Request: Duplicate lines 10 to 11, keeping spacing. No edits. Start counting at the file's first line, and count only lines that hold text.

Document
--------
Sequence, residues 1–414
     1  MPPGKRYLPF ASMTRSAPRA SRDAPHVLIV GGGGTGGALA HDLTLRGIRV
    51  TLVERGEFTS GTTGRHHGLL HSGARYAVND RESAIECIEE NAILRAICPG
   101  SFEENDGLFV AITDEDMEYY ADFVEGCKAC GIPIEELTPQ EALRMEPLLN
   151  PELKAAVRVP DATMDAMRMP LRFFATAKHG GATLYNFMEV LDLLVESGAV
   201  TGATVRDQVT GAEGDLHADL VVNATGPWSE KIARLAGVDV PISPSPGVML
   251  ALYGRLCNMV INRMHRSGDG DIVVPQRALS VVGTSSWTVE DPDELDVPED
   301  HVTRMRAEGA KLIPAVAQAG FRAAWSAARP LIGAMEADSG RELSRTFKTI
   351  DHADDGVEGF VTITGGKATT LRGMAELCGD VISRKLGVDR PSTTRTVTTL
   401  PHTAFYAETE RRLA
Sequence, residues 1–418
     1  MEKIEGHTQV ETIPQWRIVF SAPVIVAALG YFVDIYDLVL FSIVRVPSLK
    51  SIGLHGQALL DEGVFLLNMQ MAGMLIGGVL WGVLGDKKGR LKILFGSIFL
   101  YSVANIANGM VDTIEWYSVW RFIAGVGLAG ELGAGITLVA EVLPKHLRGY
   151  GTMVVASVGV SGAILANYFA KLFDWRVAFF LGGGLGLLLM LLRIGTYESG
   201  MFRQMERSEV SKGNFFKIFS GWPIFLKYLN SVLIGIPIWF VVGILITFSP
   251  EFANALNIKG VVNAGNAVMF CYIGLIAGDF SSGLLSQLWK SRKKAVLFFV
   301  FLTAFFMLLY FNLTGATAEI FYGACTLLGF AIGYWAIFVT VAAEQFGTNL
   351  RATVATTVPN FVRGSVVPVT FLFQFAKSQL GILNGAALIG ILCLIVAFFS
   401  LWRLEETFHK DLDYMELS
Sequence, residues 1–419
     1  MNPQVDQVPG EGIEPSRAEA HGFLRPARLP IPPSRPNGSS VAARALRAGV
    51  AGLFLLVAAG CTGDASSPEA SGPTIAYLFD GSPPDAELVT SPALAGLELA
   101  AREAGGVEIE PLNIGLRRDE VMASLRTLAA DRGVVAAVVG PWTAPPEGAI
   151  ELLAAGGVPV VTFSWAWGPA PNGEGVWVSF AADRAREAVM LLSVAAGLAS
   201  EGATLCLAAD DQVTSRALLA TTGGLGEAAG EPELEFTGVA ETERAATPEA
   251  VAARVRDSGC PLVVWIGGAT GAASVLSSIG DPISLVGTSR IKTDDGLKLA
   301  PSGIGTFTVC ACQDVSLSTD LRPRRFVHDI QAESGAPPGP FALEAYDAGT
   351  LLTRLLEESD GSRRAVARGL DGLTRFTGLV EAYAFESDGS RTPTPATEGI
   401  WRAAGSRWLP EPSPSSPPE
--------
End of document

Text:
   401  PHTAFYAETE RRLA
Sequence, residues 1–418